I’ve been using this fashion weight faux leather for a while now and I’m so in love with it. I can’t get enough of it. I’ve bought the black, gold and this is my second time buying it in brown. I’ve made jackets, pants and it was time to make a skirt.
I decided to use McCall’s 7906. I love the high, cinched waisted style. I cut the size 14 at the waist and blended to a size 16. I cut view D, the longest length, which was fine.
But I still needed to make my standard full seat adjustment so that the skirt wouldn’t hike up at the back hem.
The skirt has inseam pockets, belt carriers and a self-belt. And I used these gorgeous Amber Horn Buttons.
A lot of home sewers feel a bit intimidated at the thought of working with leather or faux leather, so I’m going to share some of my favorite tips.
Faux leather and leather sew basically the same. You’ll need a leather needle. I used a size 16/100. You’ll also need specialty sewing machine feet. When I sew with leather, I like to use a walking foot, a non-stick foot or a rolling foot. When cutting leather, I prefer a rotary cutter and a self-healing mat instead of scissors because I like the clean edge. You also should cut leather on a single layer instead of on the fold.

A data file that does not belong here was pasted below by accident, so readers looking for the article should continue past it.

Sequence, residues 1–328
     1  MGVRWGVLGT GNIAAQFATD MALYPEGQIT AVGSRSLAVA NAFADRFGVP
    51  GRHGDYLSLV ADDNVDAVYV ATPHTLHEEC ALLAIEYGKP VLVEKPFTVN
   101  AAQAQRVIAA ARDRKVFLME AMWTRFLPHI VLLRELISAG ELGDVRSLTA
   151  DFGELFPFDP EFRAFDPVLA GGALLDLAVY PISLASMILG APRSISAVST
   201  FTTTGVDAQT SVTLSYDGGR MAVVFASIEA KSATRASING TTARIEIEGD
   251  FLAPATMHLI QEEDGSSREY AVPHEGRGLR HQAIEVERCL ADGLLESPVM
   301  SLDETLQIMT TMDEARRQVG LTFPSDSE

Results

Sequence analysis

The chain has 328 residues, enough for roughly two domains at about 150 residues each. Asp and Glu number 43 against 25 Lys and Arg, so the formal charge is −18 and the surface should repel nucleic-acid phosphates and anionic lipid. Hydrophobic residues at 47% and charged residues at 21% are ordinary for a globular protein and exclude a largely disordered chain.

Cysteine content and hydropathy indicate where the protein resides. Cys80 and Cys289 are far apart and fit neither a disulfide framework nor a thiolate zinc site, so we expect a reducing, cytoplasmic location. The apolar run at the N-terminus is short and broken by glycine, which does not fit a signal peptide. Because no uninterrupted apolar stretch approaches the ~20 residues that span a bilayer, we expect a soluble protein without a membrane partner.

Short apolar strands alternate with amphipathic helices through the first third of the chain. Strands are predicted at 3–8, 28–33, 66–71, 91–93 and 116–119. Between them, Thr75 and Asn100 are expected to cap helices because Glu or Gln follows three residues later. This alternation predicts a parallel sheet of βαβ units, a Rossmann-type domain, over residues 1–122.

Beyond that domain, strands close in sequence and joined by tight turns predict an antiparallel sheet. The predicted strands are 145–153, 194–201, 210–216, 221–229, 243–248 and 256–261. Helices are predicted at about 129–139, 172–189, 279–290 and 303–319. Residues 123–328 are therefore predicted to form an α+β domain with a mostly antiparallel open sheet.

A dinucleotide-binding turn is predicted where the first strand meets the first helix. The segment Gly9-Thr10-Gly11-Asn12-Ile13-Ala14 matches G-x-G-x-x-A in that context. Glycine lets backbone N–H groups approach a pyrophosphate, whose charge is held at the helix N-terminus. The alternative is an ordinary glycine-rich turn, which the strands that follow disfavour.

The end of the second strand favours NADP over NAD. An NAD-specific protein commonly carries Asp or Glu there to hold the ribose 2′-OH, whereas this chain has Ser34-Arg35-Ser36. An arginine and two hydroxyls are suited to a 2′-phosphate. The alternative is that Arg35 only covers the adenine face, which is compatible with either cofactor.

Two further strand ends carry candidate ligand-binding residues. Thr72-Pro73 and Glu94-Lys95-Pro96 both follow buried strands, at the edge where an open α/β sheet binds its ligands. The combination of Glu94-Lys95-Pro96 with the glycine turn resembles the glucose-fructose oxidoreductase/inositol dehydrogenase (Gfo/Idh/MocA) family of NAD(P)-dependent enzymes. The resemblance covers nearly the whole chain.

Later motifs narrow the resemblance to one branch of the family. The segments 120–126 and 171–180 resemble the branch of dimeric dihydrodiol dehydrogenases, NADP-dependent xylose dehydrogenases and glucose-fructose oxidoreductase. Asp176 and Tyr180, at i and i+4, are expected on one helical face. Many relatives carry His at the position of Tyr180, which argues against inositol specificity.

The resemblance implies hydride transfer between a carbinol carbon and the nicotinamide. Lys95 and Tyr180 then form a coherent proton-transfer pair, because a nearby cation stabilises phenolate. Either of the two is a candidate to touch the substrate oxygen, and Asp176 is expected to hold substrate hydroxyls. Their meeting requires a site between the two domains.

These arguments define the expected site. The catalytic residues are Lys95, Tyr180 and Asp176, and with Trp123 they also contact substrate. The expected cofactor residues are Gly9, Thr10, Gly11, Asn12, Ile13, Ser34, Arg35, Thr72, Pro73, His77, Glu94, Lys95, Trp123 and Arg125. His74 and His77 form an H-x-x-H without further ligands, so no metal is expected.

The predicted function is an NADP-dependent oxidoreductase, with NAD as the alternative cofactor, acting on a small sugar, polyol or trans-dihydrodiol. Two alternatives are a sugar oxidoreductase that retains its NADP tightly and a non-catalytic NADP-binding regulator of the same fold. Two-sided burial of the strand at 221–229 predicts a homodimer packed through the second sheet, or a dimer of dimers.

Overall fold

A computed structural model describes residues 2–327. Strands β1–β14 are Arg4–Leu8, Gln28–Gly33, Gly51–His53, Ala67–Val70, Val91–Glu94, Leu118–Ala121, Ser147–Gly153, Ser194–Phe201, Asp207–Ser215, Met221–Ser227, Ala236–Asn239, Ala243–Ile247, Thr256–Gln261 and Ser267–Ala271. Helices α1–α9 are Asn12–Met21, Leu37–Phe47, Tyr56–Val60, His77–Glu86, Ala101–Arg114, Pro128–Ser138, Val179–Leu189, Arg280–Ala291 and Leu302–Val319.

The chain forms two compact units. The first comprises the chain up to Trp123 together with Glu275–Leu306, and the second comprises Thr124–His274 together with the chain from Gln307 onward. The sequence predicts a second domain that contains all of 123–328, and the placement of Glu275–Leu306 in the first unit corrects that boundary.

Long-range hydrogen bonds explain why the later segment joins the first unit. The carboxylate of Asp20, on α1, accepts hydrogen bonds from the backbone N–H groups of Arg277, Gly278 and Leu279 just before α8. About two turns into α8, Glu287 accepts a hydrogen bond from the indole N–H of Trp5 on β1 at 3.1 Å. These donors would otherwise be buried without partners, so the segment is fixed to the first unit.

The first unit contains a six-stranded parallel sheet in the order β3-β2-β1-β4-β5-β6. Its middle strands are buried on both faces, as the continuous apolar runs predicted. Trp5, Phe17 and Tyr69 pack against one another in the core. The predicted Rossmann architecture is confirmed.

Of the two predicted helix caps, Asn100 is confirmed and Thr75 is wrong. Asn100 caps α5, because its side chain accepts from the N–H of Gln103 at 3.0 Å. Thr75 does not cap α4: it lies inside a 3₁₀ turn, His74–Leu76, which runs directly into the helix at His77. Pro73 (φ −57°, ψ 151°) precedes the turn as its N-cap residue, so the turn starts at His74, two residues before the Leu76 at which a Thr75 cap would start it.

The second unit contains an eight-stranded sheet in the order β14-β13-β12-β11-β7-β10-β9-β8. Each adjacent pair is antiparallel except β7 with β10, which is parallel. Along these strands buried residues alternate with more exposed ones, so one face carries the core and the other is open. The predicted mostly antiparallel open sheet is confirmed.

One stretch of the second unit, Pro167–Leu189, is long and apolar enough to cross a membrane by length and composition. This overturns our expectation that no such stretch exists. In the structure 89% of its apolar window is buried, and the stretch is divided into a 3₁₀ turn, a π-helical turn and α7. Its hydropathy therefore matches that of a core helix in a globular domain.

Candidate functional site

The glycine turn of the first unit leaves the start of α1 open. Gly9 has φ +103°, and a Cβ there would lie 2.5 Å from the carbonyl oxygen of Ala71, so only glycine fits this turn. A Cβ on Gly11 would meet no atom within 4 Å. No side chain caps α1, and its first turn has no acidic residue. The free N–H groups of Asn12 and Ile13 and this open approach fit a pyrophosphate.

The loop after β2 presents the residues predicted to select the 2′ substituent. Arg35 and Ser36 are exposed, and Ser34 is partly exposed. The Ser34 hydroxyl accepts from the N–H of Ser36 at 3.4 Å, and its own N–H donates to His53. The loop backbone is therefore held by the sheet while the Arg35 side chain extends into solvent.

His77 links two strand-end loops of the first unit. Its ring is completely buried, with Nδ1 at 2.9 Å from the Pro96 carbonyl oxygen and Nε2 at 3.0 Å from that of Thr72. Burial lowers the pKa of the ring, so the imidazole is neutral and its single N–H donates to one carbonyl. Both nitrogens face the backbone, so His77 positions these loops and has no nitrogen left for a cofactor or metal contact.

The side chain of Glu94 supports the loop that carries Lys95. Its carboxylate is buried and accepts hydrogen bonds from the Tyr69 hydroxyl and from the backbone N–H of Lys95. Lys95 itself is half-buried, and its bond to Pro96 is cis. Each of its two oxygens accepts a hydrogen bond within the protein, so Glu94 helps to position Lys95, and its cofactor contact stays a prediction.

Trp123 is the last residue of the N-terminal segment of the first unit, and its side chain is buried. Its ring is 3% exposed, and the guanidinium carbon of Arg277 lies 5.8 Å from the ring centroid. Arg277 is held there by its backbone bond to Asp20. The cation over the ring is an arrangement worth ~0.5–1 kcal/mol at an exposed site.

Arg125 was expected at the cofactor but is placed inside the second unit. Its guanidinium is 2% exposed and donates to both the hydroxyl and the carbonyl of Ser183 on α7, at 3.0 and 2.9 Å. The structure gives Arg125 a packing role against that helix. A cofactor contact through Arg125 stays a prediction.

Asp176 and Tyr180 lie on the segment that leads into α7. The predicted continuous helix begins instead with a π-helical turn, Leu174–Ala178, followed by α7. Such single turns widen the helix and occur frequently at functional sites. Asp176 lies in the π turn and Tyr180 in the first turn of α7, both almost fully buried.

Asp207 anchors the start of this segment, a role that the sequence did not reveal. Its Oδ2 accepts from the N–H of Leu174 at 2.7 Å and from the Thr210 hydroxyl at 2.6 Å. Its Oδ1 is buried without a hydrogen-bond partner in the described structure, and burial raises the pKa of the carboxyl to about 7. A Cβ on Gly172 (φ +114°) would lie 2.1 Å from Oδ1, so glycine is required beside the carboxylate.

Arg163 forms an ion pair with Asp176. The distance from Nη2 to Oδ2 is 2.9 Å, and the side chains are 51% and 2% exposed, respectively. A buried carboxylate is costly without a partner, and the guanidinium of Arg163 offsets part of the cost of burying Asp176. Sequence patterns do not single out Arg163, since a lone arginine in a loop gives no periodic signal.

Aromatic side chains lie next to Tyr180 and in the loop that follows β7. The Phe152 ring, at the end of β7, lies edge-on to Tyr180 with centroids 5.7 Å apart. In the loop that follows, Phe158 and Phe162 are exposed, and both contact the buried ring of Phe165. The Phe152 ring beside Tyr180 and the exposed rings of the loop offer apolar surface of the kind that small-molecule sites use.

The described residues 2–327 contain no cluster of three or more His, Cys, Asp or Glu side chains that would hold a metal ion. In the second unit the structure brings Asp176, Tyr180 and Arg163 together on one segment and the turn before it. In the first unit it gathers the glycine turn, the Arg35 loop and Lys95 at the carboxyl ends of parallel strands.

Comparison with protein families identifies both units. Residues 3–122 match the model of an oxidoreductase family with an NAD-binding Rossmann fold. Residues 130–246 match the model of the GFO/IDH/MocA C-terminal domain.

Also, be mindful that pins can leave holes in leather. You can use them, but be careful and only pin in the seam allowances. Or, you can use Wonderclips or small binder clips.
Make sure you transfer all of you markings, but don’t use a tracing wheel. Like pins, tracing wheels can also leave holes. Use chalk, but test on a scrap to see if it will be easily removed with a damp cloth.
You can forgo seam finishing because leather doesn’t fray.
Pressing? Yes! You can press leather and faux leather. BUT, it must be done CAREFULLY and CAUTIOUSLY. Use a piece of muslin, cotton fabric or silk organza as pressing cloth with your iron on a lower setting. Use a scrap piece to test out your adjusted settings.
For the hem, I wanted it to be nice and clean with no topstitching. I used Stitch Witchery and fused it.